Sony’s IMX586 will bring an Effective 48MP to smartphone cameras

Sony’s IMX586 will bring an Effective 48MP to smartphone cameras

Sony is the largest camera lens producer for Android smartphones, hands down. Nearly every flagship device uses a Sony camera sensor with very few exceptions. As a result, any camera advancement from Sony is likely to benefit practically anyone looking for an upgrade in the future. The Sony IMX586 is on the way to flagships launching in 2019, and it’s got a few interesting traits which should improve your photography game. It uses a stacked CMOS image sensor for an effective 48MP, something Sony has only done in their professional cameras.

The Sony IMX586 is made for low-light photography

Firstly, those 48MPs aren’t just for show, even if it seems like it. Sony makes use of the 0.8 μm pixel size to combine 4 adjacent pixels into one for low light shots. This means a shot in low-light is effectively 12MP, a perfectly acceptable resolution. We’ve seen this technique done on the Huawei P20 Pro, which is what gives it its great low light performance. The Sony IMX586 ups the ante in the sense that it’s an even higher resolution to begin with.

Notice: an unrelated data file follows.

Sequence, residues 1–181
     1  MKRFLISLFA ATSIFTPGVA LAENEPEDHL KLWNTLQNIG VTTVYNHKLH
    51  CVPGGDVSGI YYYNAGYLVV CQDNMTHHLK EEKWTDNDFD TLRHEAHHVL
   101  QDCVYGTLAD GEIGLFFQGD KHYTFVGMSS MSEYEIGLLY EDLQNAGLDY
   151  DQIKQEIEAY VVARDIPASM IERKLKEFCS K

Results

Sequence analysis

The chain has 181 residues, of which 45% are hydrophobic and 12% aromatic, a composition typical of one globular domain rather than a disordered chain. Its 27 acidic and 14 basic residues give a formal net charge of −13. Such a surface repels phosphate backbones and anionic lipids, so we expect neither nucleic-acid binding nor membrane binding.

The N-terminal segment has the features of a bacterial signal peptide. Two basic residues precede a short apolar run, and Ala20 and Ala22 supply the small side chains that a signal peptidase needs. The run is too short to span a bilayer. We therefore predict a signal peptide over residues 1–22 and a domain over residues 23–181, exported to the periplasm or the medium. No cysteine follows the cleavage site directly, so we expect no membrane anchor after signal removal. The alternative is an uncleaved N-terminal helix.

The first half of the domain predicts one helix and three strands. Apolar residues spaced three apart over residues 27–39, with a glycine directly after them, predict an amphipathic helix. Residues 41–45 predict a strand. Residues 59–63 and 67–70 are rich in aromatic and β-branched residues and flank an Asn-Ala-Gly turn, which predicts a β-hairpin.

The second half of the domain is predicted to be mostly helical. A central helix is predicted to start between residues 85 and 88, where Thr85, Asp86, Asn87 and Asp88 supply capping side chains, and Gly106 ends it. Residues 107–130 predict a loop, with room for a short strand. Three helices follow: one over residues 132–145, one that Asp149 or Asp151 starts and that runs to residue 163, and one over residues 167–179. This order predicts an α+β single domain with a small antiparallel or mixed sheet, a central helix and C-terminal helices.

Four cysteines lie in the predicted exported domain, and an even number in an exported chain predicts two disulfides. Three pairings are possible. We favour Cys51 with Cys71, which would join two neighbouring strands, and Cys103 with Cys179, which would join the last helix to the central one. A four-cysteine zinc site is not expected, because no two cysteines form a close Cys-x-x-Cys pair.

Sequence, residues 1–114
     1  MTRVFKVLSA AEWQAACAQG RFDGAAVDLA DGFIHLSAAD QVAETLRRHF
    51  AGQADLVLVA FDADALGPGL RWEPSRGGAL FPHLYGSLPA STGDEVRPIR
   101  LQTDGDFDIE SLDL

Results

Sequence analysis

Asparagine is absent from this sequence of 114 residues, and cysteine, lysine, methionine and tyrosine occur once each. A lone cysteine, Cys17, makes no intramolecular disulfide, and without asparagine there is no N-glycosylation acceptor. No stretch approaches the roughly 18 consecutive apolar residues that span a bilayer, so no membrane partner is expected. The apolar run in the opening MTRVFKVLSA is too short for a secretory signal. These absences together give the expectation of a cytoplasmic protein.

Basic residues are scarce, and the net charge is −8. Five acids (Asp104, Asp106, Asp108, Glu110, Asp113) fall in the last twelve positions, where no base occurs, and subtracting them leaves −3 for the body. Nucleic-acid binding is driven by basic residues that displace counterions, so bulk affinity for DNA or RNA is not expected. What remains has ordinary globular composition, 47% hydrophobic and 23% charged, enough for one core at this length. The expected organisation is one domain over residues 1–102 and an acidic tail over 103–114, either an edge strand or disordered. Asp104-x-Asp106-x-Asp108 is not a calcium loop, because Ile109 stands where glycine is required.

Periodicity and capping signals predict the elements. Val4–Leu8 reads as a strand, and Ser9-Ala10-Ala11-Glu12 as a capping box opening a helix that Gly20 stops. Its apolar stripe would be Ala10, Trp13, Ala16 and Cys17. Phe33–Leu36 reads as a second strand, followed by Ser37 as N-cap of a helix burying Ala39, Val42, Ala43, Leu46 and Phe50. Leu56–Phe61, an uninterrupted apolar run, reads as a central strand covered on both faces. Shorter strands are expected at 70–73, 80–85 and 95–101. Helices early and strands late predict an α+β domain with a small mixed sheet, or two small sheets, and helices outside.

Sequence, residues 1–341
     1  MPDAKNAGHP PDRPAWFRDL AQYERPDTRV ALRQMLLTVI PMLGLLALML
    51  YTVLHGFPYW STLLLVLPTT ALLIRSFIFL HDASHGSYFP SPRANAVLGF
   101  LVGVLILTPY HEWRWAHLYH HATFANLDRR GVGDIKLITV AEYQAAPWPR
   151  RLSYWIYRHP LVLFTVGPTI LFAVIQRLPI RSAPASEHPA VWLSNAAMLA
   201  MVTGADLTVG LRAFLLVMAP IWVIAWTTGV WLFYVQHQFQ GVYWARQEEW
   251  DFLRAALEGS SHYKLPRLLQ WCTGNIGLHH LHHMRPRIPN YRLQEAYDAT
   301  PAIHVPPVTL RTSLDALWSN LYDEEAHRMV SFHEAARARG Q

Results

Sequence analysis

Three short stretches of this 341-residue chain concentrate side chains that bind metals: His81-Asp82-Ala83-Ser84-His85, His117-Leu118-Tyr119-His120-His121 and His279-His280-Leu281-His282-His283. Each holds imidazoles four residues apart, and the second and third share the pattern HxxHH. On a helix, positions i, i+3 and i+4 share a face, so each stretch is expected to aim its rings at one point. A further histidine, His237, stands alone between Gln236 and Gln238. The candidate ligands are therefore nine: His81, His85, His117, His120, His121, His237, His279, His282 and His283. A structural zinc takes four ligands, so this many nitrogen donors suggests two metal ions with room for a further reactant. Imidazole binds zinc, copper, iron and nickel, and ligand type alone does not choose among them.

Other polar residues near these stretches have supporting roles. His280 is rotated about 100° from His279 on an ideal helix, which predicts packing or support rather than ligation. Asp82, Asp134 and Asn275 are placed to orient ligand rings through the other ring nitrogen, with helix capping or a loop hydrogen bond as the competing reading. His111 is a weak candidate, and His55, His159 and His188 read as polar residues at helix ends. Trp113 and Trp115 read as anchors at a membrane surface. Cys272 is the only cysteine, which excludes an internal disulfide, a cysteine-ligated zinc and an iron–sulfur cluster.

The photo on the left is what happens in low-light. The photo on the right is what happens in bright light.

And that’s not the only benefit either. With greater photo resolution comes greater photo clarity at a distance, meaning you can zoom in on photos with less of a quality drop. Digital zoom becomes all the more viable with a higher megapixel count.

Left: Conventional 12MP shooter // Right: Sony IMX586

The sample shipment time is planned to be in September, just in time for the upcoming flagships in 2019. With the highest megapixel count in the industry, the Sony IMX586 is looking to actually make use of that. High megapixel counts don’t necessarily make great photos, but good camera hardware with good software certainly does. So long as OEMs implement it correctly, this sensor should be a boon for low-light and bright photography alike. Other cool features include the ability to record 4K at 90FPS and support for full frame recording at 30FPS.

Source: Sony

About author

Adam Conway
Adam Conway

I'm the senior technical editor at XDA-Developers. I have a BSc in Computer Science from University College Dublin, and I'm a lover of smartphones, cybersecurity, and Counter-Strike. You can contact me at [email protected] My Twitter is @AdamConwayIE and my Instagram is adamc.99.

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